Detroit’s infrastructure is crumbling: 40% of its street lights are out of order, and it has 78,000 abandoned and blighted structures, of which 38,000 are considered dangerous buildings. Those buildings account for a large proportion of the 12,000 fires Detroit has every year. At the moment, firefighters are instructed not to use the hydraulic ladders on their firetrucks unless there is an immediate threat to life, because the ladders have not received safety inspections for years. Detroit also has just 36 ambulances, of which generally no more than 14 are in operation at any given time. And in terms of the city’s IT infrastructure — well, you can probably guess; suffice to say that a recent IRS audit characterized the city’s income tax system as “catastrophic”.

As far as Detroit’s balance sheet is concerned, there is $9 billion of debt, excluding pension liabilities, and also excluding healthcare and life insurance obligations which are calculated at roughly $6 billion. Debt service in 2013 is projected at more than $240 million, or about 22% of total revenues. Worryingly, under the section of the proposal headed “Realization of Value of Assets”, one finds the priceless collection owned by the Detroit Institute of Arts…

That is all from Felix Salmon.

The Oocyte Cartel

The Society for Assisted Reproductive Technology (SART) represents more than 85 percent of the assisted reproduction industry. SART requires that its members work only with agencies that limit compensation to egg-donors to around $5000 or a maximum of $10,000 (figures decided upon by the ethics committee of an affiliated organization, The American Society for Reproductive Medicine (ASRM)). In other words, ASRM-SART acts as a buyer’s cartel.

In 2011, Lindsay Kamakahi launched a class action suit against ASRM-SART challenging  their horizontal price-fixing agreement as per se illegal under the Sherman Antitrust Act. ASRM-SART tried to have the case dismissed but a judge recently denied the dismissal in the process making it clear that the plaintiffs have a good case.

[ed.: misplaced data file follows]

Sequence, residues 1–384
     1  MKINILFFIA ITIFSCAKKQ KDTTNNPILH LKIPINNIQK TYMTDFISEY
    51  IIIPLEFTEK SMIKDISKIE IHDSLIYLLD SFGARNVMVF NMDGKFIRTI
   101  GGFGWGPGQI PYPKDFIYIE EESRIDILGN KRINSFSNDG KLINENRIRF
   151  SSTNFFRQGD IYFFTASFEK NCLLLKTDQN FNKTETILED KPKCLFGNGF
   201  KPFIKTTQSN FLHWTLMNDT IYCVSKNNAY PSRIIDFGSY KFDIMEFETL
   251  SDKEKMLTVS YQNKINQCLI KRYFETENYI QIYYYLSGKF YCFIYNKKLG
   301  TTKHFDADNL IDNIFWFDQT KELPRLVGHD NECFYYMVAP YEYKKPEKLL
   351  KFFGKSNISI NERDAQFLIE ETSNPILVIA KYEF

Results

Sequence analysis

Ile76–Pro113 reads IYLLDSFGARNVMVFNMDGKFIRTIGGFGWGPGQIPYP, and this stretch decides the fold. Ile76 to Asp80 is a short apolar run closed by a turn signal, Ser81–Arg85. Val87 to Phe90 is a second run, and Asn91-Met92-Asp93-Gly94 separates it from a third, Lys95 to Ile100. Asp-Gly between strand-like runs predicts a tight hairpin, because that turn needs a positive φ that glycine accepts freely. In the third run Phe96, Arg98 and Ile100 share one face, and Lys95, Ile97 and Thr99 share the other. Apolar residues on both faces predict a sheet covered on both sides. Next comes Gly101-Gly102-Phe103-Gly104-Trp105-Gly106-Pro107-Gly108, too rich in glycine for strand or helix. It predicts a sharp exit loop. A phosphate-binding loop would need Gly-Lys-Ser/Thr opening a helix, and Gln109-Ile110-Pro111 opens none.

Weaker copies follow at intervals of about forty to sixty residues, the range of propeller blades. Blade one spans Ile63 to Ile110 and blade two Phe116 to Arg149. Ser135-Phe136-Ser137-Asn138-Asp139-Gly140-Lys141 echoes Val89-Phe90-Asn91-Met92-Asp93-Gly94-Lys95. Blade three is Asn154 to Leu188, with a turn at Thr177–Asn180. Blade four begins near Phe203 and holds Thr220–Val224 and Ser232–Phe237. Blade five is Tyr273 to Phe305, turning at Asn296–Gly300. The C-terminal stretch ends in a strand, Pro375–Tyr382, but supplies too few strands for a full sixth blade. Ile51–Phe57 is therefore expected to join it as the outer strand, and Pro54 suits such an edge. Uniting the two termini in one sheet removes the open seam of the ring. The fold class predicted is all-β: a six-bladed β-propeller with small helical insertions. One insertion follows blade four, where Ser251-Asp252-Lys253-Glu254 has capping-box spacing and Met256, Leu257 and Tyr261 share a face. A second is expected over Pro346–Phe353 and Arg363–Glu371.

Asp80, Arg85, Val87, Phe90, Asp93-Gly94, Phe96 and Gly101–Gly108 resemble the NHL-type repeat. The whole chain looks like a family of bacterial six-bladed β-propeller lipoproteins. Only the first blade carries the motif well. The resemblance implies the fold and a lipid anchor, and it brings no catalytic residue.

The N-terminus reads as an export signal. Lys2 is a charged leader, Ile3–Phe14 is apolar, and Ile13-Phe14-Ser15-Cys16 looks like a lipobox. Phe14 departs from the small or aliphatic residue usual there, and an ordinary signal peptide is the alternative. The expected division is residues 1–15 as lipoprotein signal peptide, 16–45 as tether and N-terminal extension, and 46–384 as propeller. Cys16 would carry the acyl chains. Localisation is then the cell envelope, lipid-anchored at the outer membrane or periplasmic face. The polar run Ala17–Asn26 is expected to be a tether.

ASRM-SART argue that their maximum price is really about protecting women and that compensation “should not be so excessive as to constitute undue inducement.” Egg donation does involve extensive screening, time and some health risks. One would think, however, that the proper response for those interested in protecting women would be to ensure that the women are fully informed and that they are paid high wages not low wages.

The paternalistic policy of the ASRM-SART especially rankles because it applies only to women, sperm donations are not regulated. Of course, sperm donation isn’t risky but we also don’t see laws limiting the wages of miners to protect miners (mostly men) from “undue inducement.” The societal expectation seems to be that men are appropriately motivated by self-interest but women may be appropriately motivated only by altruism.